I’m sceptical as to whether tax cuts can boost economic growth – even if one accepts they are as efficient a mechanism as public spending for getting money to the economy (I doubt it in Hungarian circumstances), then it is a bit like increasing spending – the question is whether tax cuts will produce a multiplier and thus pay for themselves. The tax rates are a bit of a diversion, frankly, from the real competitiveness issue. Put very brutally this problem is that wages and prices (and thus unit labour costs) in Hungary in relation to its major trading partners in the Eurozone are too high to generate the levels of exports and investment to place Hungary onto a sustainable growth path. And on any measure this competitiveness problem is not small! There are basically two ways of dealing with this – (1) to bring the values of Hungarian wages and prices when expressed in the currencies of its trading partners, i.e. Euros, down to a competitive level through a substantial devaluation of HUF relative to EUR (which I favour, as the least painful and damaging to employment), or (2) the state conducts “internal devaluation” – in other words, it… Read more »
I think that there are still different interest groups and schools of thought within Fidesz and it hasn’t been decided at all what the policies will be. The danger is of course that in the end, for the sake of keeping everybody happy, it will be a bit of everything which is the same as nothing at all. We will only know when we know who will be the ministers of finance and economy. An other recurrent feature in Fidesz communication in the last few weeks, is that they want a real change in the size of Parliament, number of ministries and above all local municipalities. In the agreement Fidesz concluded yesterday with its other organisations (Fidelitas, farmers,etc) this fact is mentioned again, together with tax cuts. What is unclear to me is, if they would be able to do this (2/3 majority?),what would it save the budget money wise? Interesting is also how more and more Fidesz promises are getting a prolonged time schedule attached to them: one million jobs … in ten years, tax cuts … in four to six years. This sort of thing leaves room to do not too much in the first year or two.… Read more »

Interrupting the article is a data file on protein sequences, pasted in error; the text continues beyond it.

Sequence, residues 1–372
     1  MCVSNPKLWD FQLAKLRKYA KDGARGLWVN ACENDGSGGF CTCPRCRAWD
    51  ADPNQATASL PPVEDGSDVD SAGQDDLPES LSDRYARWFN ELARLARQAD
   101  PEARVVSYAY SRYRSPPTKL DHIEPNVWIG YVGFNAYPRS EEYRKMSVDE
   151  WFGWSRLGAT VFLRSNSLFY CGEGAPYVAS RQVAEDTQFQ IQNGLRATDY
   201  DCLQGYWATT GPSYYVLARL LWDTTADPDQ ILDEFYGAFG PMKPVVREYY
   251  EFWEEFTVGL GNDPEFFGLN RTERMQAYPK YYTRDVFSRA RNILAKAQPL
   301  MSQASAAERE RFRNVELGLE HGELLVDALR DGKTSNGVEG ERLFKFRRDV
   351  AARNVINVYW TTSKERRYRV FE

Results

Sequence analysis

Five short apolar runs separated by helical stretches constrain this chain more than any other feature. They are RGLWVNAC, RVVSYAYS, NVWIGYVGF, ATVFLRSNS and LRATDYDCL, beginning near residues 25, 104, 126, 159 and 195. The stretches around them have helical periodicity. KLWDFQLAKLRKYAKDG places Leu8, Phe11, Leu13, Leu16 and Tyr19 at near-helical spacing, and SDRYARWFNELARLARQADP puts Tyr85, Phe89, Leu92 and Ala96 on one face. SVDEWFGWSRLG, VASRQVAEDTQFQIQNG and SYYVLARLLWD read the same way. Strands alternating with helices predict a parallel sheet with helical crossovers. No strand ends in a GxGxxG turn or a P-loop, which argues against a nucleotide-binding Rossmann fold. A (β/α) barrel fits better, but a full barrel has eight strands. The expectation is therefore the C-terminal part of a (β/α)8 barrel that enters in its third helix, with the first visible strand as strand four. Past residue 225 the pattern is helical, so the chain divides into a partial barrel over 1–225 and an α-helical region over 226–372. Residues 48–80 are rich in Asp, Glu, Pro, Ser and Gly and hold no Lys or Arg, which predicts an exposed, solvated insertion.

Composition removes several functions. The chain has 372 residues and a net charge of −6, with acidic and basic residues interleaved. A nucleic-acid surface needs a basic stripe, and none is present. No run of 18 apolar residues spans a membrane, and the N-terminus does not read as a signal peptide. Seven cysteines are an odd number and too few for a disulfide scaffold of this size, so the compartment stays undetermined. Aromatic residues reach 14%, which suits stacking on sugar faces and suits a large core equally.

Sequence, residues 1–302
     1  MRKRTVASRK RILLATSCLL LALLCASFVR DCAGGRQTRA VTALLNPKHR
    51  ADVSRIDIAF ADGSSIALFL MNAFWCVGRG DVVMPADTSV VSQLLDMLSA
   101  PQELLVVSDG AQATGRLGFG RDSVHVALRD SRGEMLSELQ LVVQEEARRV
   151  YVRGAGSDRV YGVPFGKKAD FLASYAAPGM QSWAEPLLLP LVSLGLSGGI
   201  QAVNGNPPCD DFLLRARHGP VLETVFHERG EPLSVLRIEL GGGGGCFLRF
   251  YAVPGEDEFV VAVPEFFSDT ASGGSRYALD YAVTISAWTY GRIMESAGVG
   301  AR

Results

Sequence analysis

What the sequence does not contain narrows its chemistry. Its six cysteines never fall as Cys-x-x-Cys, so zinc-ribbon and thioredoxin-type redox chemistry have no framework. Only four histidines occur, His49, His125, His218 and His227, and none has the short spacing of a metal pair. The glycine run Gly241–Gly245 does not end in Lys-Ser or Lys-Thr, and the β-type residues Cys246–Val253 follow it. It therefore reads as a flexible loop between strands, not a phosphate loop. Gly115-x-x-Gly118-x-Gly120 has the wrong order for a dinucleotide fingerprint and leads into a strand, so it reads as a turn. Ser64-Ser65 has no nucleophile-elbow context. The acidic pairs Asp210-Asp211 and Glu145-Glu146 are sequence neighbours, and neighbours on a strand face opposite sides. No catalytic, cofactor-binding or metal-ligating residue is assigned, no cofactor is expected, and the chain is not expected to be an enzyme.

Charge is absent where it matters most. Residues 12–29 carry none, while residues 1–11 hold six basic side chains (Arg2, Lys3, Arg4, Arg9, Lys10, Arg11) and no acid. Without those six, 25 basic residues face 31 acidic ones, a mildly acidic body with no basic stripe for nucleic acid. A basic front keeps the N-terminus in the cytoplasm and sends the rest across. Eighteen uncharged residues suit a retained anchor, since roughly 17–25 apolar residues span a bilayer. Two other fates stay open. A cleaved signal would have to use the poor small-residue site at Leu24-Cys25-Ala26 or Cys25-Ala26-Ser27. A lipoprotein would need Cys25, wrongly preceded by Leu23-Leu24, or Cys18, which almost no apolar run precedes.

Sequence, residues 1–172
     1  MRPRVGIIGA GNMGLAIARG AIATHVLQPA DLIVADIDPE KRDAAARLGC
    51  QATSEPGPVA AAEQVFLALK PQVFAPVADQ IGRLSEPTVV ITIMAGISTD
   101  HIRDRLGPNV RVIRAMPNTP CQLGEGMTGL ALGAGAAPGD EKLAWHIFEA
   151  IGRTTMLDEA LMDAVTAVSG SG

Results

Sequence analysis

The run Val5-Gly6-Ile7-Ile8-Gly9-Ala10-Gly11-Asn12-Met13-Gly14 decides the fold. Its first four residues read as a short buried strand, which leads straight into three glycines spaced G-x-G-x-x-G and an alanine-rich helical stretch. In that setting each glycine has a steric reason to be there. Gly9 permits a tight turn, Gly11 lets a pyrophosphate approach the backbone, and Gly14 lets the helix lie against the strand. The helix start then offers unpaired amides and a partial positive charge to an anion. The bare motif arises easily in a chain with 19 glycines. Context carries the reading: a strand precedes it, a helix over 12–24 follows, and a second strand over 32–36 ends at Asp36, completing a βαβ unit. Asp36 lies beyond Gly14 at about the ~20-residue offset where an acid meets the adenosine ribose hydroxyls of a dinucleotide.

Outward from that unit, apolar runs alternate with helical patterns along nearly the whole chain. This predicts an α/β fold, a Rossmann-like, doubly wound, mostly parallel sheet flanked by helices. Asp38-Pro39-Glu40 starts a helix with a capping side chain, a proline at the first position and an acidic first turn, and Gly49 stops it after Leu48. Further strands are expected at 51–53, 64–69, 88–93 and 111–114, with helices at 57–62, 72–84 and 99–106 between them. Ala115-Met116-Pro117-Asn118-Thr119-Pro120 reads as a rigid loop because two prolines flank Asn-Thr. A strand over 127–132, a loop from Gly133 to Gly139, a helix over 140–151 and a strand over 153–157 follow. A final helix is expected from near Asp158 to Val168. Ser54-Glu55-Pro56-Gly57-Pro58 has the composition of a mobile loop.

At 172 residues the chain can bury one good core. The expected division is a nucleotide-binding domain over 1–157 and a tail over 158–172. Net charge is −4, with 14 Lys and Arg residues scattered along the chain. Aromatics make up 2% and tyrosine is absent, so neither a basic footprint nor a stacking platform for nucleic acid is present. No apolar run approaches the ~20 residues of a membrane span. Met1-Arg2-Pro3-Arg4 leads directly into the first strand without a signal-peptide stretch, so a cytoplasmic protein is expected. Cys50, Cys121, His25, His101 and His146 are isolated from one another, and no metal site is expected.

Hank: “I think that there are still different interest groups and schools of thought within Fidesz and it hasn’t been decided at all what the policies will be. The danger is of course that in the end, for the sake of keeping everybody happy, it will be a bit of everything which is the same as nothing at all.”
Strangely enough I think there is an interesting parallel here with the MSZP in the 1994 elections. They went into the election not having resolved serious ideological differences over how to manage the economy, and – because of the weakness of the alternatives – no-one really asked them any of the basic questions about what they intended to do, allowing them to get away with vacuous campaign slogans. Once they were in power we then had seven to eight months of drift before the financial markets forced the Bokros package on them. I don’t have any more of a crystal ball than the next person, but I wouldn’t be surprised to see history repeating itself.


Let’s not get too carried away with the Polish example.
It’s always had more weight than Hungary. It’s a much bigger country, with bigger internal markets. Perhaps most importantly, they have a completely different work ethic.


A good short video for Eva Balogh about the economy policy of the social-liberal government. (only K.S.H data)